Voice phishing increases; spam callers target district faculty, students

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Kalyani Rao

Voice phishing, one of the most common crimes on the internet, allows criminals to hide behind the mask of an anonymous number. According to the University of Michigan’s safe computing site, Vishing (voice phishing) utilizes fraudulent phone calls to trick people into giving money or revealing personal information. “Malicious actors can ‘spoof’ or mask their real number with a number that is not theirs,” Chief Technology Officer Fernando De Velasco said. “They will frequently choose to spoof their number with a phone number that is local.”

Kalyani Rao, Reporter

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Voice phishing, a common crime on the internet, allows criminals to hide behind the mask of an anonymous number. According to the University of Michigan’s safe computing site, Vishing, also called voice phishing, involves the use of fraudulent phone calls to trick people into giving money or revealing personal information. It’s a new name for an old problem — telephone scams.

Students and parents here have been a victim of these scam callers.

“On Feb. 5, one of us was targeted with vishing,” district chief technology officer Fernando De Velasco said. “This individual received a phone call from 469-219-2176, that happens to be one of our numbers, and the caller id displayed Prosper ISD.”

Vishers can hide behind the identity of a company, trusted association or the government. The messages can be automated or spoken by a person in real time, and they are becoming frequent. In 2018, scam calls represented nearly 30% of all incoming mobile calls. Of people who report government imposter vishing scams to the FTC, only 6% had actually lost money — but those who did had a median loss of $960.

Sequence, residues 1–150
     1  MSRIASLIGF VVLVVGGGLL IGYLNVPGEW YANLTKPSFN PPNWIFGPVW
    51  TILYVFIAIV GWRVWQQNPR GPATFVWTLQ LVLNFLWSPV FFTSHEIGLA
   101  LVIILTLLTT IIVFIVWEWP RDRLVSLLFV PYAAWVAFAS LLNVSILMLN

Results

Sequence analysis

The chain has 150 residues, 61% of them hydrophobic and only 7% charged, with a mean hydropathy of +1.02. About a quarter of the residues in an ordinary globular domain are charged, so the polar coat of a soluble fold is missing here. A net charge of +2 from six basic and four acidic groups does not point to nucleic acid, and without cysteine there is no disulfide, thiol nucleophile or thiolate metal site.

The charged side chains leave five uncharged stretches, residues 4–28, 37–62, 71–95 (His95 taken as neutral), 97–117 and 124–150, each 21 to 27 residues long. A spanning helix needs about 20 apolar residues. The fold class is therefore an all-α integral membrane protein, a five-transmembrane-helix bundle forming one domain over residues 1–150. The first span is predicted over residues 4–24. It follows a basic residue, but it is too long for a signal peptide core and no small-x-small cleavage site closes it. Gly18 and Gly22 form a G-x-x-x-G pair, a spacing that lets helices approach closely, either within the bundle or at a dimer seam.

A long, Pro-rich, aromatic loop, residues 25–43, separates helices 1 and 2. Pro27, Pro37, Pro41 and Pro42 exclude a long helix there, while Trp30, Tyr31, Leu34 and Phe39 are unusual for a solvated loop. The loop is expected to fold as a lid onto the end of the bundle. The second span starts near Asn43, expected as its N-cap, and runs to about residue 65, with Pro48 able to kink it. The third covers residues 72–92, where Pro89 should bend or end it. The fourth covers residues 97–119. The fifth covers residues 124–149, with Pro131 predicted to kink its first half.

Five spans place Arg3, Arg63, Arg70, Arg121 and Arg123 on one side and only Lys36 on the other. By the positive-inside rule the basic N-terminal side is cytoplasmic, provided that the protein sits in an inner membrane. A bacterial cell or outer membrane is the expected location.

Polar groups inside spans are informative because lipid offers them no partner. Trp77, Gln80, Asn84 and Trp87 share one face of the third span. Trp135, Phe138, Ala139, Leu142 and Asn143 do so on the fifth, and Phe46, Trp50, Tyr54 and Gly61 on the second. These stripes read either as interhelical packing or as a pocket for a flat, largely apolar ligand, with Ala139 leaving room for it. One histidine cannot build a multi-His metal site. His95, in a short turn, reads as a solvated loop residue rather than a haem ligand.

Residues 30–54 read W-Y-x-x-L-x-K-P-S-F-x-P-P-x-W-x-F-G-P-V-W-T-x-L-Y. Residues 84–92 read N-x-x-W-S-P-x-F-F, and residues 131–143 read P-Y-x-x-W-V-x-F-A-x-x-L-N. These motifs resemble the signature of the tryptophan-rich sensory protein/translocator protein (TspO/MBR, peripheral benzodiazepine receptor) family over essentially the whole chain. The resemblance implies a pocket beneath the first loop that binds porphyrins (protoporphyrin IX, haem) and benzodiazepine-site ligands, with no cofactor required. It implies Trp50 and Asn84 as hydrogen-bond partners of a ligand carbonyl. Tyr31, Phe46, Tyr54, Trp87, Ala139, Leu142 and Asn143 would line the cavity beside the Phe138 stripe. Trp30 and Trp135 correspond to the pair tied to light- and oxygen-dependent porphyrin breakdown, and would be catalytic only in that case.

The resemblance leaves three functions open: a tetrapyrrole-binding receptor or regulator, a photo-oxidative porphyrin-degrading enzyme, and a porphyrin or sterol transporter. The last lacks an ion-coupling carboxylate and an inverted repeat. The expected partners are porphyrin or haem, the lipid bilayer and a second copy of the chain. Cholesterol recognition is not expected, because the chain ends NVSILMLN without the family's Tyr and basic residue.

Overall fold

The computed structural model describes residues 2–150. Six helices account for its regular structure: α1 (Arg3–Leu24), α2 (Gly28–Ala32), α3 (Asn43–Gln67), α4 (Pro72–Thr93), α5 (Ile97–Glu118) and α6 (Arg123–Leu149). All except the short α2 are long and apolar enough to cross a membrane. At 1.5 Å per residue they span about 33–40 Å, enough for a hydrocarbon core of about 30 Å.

A spam call from a caller disguised as a life insurance company is pictured. Students who would not even be applying for insurance yet are getting these calls. “This is a screenshot of just one of the many spam calls I’ve gotten on my phone,” sophomore Kalyani Rao said. “It’s terrible because even though I know it’s fake, what about the people who are applying for life insurance? How will they know it’s fake?” (Kalyani Rao)

“The recording said ‘There are lawsuits against your social security number, and to press one to resolve it,’ De Velasco said. “This is not the first and will not be the last.”

The calls are designed to intrigue potential customers. Scammers will offer “free” vacations, ask the recipient to donate to charity, or use fear mongering to get one to respond.

Malicious actors can ‘spoof’ or mask their real number with a number that is not theirs,” De Velasco said. “They will frequently choose to spoof their number with a phone number that is local.”

Often, the call can be about a nonexistent expired warranty or health insurance. A similarity is they will ask for a call-back and for personal information. Sometimes it can just be an email address, or even a billing address and credit card information.

“I get calls about warranties I don’t have all the time,” sophomore Margaret Lair said. “I usually just ignore them because I know they’re spam.”

During the COVID-19 pandemic, scammers have found ways to take advantage of the situation. They may call and disguise themselves as medical professionals, hospitals, health agencies or insurance companies. Companies have made the shift to telework, which lowers the comprehensive monitoring of network access points and privilege escalation. Callers will disguise themselves as charities requesting a donation for disaster relief or COVID-19 support.

“I’ve put my number on the do-not-call list for spam calls,” Prosper resident Tracey George said. “I get less this way, but it doesn’t completely stop them.”

There are a number of ways to prevent voice vishers from taking advantage of the internet to steal information.

Tips to avoid spam caller situations: